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Since it’s only Wednesday, feel free to add your own links in the comments. I’ve also written a guest post on Sabbath for Jana Riess’s blog Flunking Sainthood and I’ll share it when it goes live.

Friday Link Love

Good morning!

…And away we go.

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A Glorious Sight — Andrew Sullivan

There’s an article up at Scientific American about “glories,” a quantum mechanical effect called wave tunneling:

The article is beautifully written, tracing the historical significance of glories (they can only be seen against one’s shadow and thus may be one reason that holy individuals are seen with halos)…

Sadly, the article is behind a paywall, but what a lovely concept.

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Move On — Bernadette Peters, Stephen Sondheim

Yesterday was the King’s birthday and many of us were gushing about him on Facebook. I remarked that this song is one of the best manifestos for art and life that I’ve found. Give it a listen.

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The Scale of the Universe (Flash)

I’m certain I’ve posted this before, but it came my way again, and boy howdy. Spend some time with this.

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Instructions — Sheri Hostetler

Beautiful poem:

Give up the world; give up self; finally, give up God.
Find god in rhododendrons and rocks,
passers-by, your cat.
Pare your beliefs, your absolutes.
Make it simple; make it clean.
No carry-on luggage allowed.
Examine all you have
with a loving and critical eye, then
throw away some more.
Repeat. Repeat.
Keep this and only this:
what your heart beats loudly for
what feels heavy and full in your gut.
There will only be one or two
things you will keep,
and they will fit lightly
in your pocket.

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Rachel Maddow and My Lesson in Civility — Cal Thomas

A man apologizes, sincerely and humbly, for the red meat he threw at CPAC regarding Rachel Maddow:

The next morning I felt bad about it, so I called Maddow to apologize. It wasn’t one of those meaningless “if I’ve offended anyone …” apologies; it was heartfelt. I had embarrassed myself and was a bad example to those who read my column and expect better from me.

Maddow could not have been more gracious. She immediately accepted my apology. On her show, she said publicly, “I completely believe his apology. I completely accept his apology.” To be forgiven by one you have wronged is a blessing, it’s even cleansing.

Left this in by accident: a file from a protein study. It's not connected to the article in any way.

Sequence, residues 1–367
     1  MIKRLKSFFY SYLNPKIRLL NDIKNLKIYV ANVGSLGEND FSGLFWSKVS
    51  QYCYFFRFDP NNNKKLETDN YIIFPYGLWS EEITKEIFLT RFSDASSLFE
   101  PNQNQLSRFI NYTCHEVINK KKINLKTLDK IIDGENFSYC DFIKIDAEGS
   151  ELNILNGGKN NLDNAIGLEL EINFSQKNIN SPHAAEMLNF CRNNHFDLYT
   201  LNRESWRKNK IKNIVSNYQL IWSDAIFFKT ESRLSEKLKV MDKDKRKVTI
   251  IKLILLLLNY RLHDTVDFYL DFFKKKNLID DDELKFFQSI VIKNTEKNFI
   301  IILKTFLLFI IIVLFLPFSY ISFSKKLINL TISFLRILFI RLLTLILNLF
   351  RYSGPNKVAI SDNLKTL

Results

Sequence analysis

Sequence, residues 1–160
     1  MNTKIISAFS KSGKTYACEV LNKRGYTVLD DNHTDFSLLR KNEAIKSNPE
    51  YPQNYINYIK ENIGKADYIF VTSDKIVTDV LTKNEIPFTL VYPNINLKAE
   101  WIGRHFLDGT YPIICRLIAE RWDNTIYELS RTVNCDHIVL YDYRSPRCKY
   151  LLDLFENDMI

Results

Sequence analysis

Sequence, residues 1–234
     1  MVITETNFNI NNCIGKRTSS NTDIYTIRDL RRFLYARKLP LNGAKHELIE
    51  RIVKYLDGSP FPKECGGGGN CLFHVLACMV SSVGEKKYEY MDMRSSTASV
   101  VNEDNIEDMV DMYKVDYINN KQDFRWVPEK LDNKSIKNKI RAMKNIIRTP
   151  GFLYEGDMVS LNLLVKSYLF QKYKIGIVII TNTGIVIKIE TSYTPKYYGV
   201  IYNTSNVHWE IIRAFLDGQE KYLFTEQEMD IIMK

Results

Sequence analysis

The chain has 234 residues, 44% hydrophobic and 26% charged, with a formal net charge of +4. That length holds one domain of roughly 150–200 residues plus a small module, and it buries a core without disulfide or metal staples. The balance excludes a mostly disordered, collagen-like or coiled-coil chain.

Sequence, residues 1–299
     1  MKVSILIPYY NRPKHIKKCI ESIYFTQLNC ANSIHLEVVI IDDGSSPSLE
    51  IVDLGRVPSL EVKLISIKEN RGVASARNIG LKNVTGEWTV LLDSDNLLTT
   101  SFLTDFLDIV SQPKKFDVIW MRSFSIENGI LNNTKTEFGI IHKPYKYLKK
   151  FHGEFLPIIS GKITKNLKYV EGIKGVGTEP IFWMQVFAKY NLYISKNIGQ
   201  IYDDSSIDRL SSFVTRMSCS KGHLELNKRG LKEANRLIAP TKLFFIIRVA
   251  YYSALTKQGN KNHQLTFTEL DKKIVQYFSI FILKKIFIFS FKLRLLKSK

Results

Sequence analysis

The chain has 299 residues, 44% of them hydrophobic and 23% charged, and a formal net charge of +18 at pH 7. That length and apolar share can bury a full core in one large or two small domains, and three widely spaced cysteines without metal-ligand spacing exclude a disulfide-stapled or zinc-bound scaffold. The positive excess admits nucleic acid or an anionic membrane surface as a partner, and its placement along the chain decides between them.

More of this, please. From everyone.

And on the flip side of that…

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The Internet Has Failed — Bioethics Bulletin

Specifically internet comments:

Time was when ‘disabling comments’ on a blogpost was at best an indication of arrogance and at worst an indication that the author was an anti-democratic elitist who did not value the opinions of his or her readers. It is time, I think, for us to accept that disabling or deleting idiot comments is no more anti-democratic or elitist than refusing to engage with a person harrassing you on the street. Just because everyone is allowed to have their say, it does not follow that the bilge they say is worth listening to.

As I’ve said many times, anyone who rejects Calvin’s doctrine of total depravity has obviously never spent time reading Internet comments.

What do you think? Is it time to disable comments at the “big” sites? (I am blessed with smart and civil commenters here at the Blue Room. Huzzah.)

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Peace be with you.

Friday Link Love

The First Supper by Jane Evershed

Perhaps the World Ends Here — Joy Harjo

The world begins at a kitchen table. No matter what, we must eat to live.
The gifts of earth are brought and prepared, set on the table. So it has been since creation, and it will go on.
We chase chickens or dogs away from it. Babies teethe at the corners. They scrape their knees under it.
It is here that children are given instructions on what it means to be human. We make men at it, we make women.

Susan Olson recently linked to this poem and it’s been echoing in my mind. Reminds me of Bruce Cockburn’s song “Last Night of the World”:

If this were the last night of the world
What would I do?
What would I do that was different
Unless it was champagne with you?

I’m thankful that our family is in a season in which all five of us eat together at least six nights a week.

It will not always be thus.

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The Most Astounding Fact — Neil deGrasse Tyson

This has been making the rounds, but if you haven’t seen it:

Bonus link: Listen to physicist James Gates’s interview on On Being. I didn’t understand a lot of it. But I liked it nonetheless.

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The Six Secrets the Girl Scouts Have Kept for a Century — WSJ

How is this single-sex organization based on principles begun before the first World War able to remain vital in the twenty first century? How much of it would Juliette Gordon Low recognize? What are the secrets to the continued success of Girl Scouting?

One thing that was not mentioned in the article is that the uniform is updated regularly. I’m not kidding. That seems very superficial but it is a huge symbolic statement that the Girl Scouts are not stuck in the past.

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Do As Franzen Does. Do What You Like — Roxane Gay

Alas, there’s been yet another installment of Famous Author Disparaging Social Media. I love this response:

Is anyone really using Twitter to craft complex rhetorical arguments? What does responsibility have to do with chattering online? It’s like Franzen is saying, “I cannot swim in my car and therefore my car is not useful.” He doesn’t understand what Twitter is for. Of course he dislikes it. He’s working from a place of profound ignorance. His stance is one of those things where you have to say, “There, there, Mr. Franzen, here is your Ovaltine.”

Heh.

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And lastly, in honor of St. Patrick’s Day, my friend Stacey posted this recipe to Facebook earlier this week:

Irish Car Bomb Cupcakes

I’m still not eating dessert during Lent, but o frabjous day, every Sunday is a mini-Easter! And Oh Em Gee:

These cupcakes consist of a Guinness-chocolate cake base, which has a wonderful depth of flavor and is also supremely moist. The centers of the cupcakes are cut out and filled with a chocolate ganache that has been spiked with Irish whiskey. And to top it all off, the frosting is my favorite vanilla buttercream that has been doused with a serious amount of Baileys Irish Cream.

I’m eatin’ that.

May you too have a delicious weekend.